Of course they got these ideas stuffed into their heads by the public schools and the universities they attend or attended.  The Gramscian damage runs deep with this generation.  But it is only the tip of the iceberg represented by students taking over the academies and demanding that this professor be fired for speaking truths they don’t wish to hear, or that this outside speaker be banned for similar reasons.  The madness infecting the academy has also long infected the media, which looks on with approval as our culture is dismanted stone by stone.

I would argue that the Texas senator means well.  But I would further argue that laws such as the one he is so proud of having shepherded through his state senate would be unnecessary had we not allowed the enemies of liberty and civilization to dominate our public discourse to the extent to which they have come to do.


* I’m not even going to mention The Dukes of Hazzard.

** Giggle.

Actually I do got something…

If you live in Carmel, Indiana, vote tomorrow for Fred Glynn Jr. in the Republican primary for mayor.  Why?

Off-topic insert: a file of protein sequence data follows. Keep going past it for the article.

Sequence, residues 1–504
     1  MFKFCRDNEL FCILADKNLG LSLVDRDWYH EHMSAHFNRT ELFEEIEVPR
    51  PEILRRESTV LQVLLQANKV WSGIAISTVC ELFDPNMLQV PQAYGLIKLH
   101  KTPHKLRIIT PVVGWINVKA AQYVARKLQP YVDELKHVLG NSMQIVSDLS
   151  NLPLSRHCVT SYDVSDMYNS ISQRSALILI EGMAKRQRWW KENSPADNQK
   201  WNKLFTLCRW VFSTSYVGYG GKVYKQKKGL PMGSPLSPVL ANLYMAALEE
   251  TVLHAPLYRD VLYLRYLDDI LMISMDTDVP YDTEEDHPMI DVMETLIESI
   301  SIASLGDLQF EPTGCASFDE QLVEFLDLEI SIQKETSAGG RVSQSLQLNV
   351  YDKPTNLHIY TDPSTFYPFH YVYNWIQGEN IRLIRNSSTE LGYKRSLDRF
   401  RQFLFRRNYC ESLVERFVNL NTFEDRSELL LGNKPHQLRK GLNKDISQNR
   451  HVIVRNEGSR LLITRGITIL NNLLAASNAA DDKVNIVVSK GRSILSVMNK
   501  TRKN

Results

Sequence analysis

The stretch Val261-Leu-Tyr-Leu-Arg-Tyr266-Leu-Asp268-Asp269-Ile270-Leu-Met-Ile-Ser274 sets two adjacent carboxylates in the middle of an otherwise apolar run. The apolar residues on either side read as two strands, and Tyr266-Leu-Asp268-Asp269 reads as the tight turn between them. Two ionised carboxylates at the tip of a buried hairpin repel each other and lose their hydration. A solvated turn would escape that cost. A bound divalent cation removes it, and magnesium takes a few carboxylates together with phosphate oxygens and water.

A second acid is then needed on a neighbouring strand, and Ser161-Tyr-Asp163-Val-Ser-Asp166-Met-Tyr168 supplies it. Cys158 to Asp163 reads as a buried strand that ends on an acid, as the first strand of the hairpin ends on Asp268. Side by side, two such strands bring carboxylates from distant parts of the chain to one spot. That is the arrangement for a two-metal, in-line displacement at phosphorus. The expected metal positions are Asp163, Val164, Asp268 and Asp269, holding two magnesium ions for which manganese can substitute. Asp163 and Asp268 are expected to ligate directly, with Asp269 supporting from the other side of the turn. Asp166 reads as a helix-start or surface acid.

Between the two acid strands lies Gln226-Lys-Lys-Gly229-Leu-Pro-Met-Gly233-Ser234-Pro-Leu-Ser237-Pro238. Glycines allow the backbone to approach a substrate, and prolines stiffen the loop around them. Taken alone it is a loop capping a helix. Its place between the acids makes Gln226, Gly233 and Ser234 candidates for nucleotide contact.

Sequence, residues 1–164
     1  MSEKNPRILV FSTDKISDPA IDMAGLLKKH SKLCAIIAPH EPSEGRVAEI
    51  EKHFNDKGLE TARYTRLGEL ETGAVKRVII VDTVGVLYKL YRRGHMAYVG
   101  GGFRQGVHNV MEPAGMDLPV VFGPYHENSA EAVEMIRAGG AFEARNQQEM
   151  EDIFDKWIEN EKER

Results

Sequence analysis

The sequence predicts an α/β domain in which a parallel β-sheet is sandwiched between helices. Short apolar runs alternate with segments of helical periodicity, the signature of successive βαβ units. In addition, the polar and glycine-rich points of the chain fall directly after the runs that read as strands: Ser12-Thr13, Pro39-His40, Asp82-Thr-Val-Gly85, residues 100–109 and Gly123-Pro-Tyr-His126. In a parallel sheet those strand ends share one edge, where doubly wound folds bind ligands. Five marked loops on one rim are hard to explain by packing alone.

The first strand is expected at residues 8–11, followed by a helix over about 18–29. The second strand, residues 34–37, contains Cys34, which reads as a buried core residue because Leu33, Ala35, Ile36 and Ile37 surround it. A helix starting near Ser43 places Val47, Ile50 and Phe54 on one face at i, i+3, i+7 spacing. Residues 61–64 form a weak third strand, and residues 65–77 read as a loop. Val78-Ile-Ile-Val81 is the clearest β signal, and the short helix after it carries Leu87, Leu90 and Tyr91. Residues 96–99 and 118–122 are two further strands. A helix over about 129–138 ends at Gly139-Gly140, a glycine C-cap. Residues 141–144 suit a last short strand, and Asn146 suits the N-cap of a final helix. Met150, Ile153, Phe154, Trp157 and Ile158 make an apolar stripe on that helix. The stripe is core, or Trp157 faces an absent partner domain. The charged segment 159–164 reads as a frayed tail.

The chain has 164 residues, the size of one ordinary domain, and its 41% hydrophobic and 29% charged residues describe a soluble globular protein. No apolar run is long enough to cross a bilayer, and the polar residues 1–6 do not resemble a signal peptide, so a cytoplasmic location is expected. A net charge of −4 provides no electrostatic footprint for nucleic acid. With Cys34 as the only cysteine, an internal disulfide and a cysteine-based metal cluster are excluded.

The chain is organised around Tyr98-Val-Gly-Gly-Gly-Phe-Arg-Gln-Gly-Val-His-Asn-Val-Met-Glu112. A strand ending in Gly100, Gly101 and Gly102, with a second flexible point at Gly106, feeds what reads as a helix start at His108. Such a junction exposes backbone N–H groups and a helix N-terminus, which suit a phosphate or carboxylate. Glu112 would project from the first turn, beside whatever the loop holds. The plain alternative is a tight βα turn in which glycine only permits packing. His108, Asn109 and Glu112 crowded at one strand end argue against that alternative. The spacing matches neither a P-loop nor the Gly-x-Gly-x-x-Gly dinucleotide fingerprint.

Reference:  Carmel Mayor Jim Brainard sees $1.3B as worthy investment. His challenger sees troublesome debt.

His challenger is correct.  How do you spend a town into Lucas Oil Stadium debt range when you don’t have a million-population city to stick with the bill?

Hopefully, this will be the way it goes tomorrow:

So do yourselves a favor up there in Indianapolis’s north side bedroom community, and vote the incumbent out before he spends you into even more trouble than you’re already in.

I got nothing…

…so you get a meme.

The fucking hell?

Councilcritter in Jeffersonville, Indiana, thinks “to Jew down” is an appropriate turn of phrase for a public meeting.

Followed by:

Indiana City Council VP Apologizes For Anti-Semitic Slur

Let’s talk for a moment about that phrase, because while it’s pretty disgusting that someone in a position such as Ms. Gill holds would say such a thing in a public meeting, that characterization is unfortunately still pretty common amongst the great unwashed (i.e. the rednecks) in both parties out here in flyover country.  (As the transcript proves; she didn’t just let that slip out “inadvertently” as she claimed in her apology, she apparently said “what I call, ‘Jew them down'”.  If that’s what you call it, honey, then you must use that phrase all the time — or it’s in your head a lot.)

My first encounter with “to Jew down” was when my Dad heard it used by a minister in casual conversation when he was bidding on the air conditioning contract for a church outside of Kokomo, Indiana, back in 1972, and said minister thought Dad’s price was a little high, and pressed him to lower it. (Literally the guy said, “I don’t want you to think I’m trying to Jew you down”, and Dad’s response was, “No, I’m sure you wouldn’t want to do that,” and he left soon after and dropped his bid; he said, “I don’t need the jerk’s business that badly”.)*